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Does the Media Sensationalize Addiction?

The portrayal of drug use and substance abuse in the media is a complicated topic.

rich blonde woman using cocaineRacial, socioeconomic, and gender biases all impact how the news, movies, books, social media, and other cultural mirrors represent particular groups of people who use or abuse alcohol and other drugs.

Drugs and Alcohol Are Glamorous or Humanizing…If You’re White or Rich

The media has long portrayed substance use by wealthy, famous people as glamorous, fun and enviable. When pop artist Lorde released her song “Royals” in 2013, it was a rare critique of this idea. There was little difficulty with people understanding the references in the song to the glamorization of alcohol and drugs.

Substance use is often presented alongside luxury items like diamonds, private jets, expensive cars, and fancy clothing. These items have been paired together for so long and in such frequency that it is rarely questioned if they actually belong together.

As pointed out by Accuracy in Media, a Media Watchdog Organization, numerous critically acclaimed television shows have used drugs in the story lines of their protagonists as a way to make their white characters more appealing to audiences:

  • In Breaking Bad, the hero is a chemist who uses his skills to manufacture methamphetamine and sell it and pay for his cancer treatment.
  • On Nurse Jackie, actress Edie Falco sucks drugs up her nose through a straw—an action she repeats periodically throughout each program.
  • Weeds is the sympathetic story of a suburban mother and her children who grow and sell marijuana.
  • The hero in the series House is a doctor addicted to his own prescription drugs.
  • On That 70s Show, the teenage characters often sat in a circle in the main character’s basement and smoked marijuana, unbeknownst to his clueless parents upstairs.

Drugs and Alcohol Are Signs of Moral Corruption If You’re Poor or a Minority

Meanwhile, people who are economically disadvantaged, especially when they are minority individuals, are punished harshly for substance abuse. They are frequently depicted in the media as being morally deficient, unlike wealthy people who engage in the same behaviors.

For example, a homeless person drinking on a TV show or a movie is often the butt of jokes or portrayed as less than human. In both, reality and the media, homeless people who drink are frequently subject to violence and judgment.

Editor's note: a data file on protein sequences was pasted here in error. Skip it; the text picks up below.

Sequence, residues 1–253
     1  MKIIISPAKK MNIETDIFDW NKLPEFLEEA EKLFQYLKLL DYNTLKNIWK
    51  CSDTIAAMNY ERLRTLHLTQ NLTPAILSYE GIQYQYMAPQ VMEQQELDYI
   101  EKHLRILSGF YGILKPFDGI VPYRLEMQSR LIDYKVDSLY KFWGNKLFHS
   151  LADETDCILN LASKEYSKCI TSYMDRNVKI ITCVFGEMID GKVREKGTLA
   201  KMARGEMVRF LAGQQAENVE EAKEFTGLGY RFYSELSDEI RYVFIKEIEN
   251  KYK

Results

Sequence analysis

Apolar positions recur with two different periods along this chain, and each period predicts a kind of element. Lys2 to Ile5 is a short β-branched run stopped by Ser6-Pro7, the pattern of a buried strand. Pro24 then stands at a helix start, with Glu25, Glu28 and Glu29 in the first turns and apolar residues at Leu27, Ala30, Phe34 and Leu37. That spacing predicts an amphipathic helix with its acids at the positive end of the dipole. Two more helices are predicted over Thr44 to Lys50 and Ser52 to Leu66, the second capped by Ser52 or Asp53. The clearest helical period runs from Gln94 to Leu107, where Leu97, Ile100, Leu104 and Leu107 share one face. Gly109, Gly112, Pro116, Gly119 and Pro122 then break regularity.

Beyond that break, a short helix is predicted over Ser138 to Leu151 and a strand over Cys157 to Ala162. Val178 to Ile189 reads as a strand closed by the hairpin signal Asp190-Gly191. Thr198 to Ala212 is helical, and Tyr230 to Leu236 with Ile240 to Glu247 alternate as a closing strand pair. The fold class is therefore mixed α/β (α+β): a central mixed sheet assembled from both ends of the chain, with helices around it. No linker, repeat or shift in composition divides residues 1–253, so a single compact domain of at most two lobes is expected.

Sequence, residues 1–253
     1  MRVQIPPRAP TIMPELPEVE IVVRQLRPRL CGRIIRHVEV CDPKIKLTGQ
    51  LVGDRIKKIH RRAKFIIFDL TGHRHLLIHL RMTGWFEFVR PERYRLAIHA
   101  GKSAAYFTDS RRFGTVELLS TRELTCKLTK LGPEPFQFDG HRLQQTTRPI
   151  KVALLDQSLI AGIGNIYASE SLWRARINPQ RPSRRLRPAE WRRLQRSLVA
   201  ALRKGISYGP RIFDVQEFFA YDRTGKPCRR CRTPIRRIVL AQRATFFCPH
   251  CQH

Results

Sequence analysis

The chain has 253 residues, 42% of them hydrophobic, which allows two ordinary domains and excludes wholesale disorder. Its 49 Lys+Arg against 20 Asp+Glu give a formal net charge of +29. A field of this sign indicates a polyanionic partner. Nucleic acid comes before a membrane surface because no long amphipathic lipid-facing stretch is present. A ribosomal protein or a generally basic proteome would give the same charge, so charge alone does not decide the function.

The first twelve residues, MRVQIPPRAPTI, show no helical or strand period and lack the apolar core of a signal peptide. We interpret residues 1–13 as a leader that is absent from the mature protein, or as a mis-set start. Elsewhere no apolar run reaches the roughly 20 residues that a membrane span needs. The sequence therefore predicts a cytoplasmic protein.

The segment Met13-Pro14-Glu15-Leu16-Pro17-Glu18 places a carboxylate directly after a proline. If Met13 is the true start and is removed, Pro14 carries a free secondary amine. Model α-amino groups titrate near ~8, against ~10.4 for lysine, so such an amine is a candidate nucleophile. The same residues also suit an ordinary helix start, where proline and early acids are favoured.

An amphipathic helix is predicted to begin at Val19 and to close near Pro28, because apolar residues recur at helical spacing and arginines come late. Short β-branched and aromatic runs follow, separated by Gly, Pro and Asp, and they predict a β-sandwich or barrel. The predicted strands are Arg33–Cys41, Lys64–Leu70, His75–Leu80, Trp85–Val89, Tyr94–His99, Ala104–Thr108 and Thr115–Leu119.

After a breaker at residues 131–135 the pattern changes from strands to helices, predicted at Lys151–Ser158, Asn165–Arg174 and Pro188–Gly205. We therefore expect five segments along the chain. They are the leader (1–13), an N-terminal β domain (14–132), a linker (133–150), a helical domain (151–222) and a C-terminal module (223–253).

Minorities Receive Less Empathy and Compassion

There are also biases related to the race of a person who is afflicted by addiction. The opioid epidemic that is spreading across the United States has seen a far greater response, not only from the media, but also from the government and the general population.

The Guardian showed how labels matter, when referencing the terms most commonly used to describe people struggling with addiction for their headline, Amid the Opioid Epidemic, White Means Victim, Black Means Addict. “Once our counterparts (white people) started dying, it was a public health crisis. But it wasn’t a public health crisis 15 years ago when I was in the field and going into black people’s homes, providing care for them,” the article quotes an addiction professional as saying.

Forbes pointed out, in The War on Drugs is a War on Minorities and the Poor, that there are a number of alarming statistics related to this double standard:

  • Black men are sent to state prisons on drug charges at 13 times the rate of white men.
  • Drug transactions among blacks are easier for police to target because they more often happen in public than do drug transactions between whites.
  • More than 25.4 million Americans have been arrested on drug charges since 1980; about one-third of them were black.
  • According to the Global Commission on Drug Policy, arresting and incarcerating people fills prisons and destroys lives but does not reduce the availability of illicit drugs or the power of criminal organizations.

Mommy Needs Her Wine

Even gender seems to have a role in how addiction is shown. According to a recent USA Today article, Alcohol is killing more people, and younger. The biggest increases are among women. The article states, “From 2007 to 2017, the number of deaths attributable to alcohol increased 35 percent. The death rate rose 24 percent. Deaths among women rose 85 percent, while it rose 29 percent for men. Women once drank far less than men, and their more moderate drinking helped prevent heart disease, offsetting some of the harm.”

The “Wine Mom” culture, where it is considered acceptable and even funny for middle-aged women to drink excessively to cope with the stresses of juggling parenthood, a career, menopause, and marriage, has taken hold in various aspects of media. Memes about it appear daily on Facebook feeds.

A New York Times article called Being a Sober Parent in a Wine Mom Culture, points out that this isn’t really a new trend, just a new expression of the idea that mothers are not capable of surviving their day to day ordeals without the aid of a substance. The article quotes Dr. Leena Mittal, a perinatal psychiatrist and addiction specialist at Brigham and Women’s Hospital in Boston, as saying that there is a long history of chemical management of women’s distress. Tranquilizers widely prescribed to mothers in the 1950s and ’60s were known as Mother’s Little Helper. “This sends women the message that their emotions need to be squelched and not addressed,” she said.

Fair Oaks Recovery Center Focuses on Facts, Not Stereotypes

Fair Oaks Recovery Center believes in treating all people who are recovering from addiction with kindness, compassion, and respect. We tailor our services to the needs of each individual, in recognition that the recovery journey is as unique to each person as their fingerprint.

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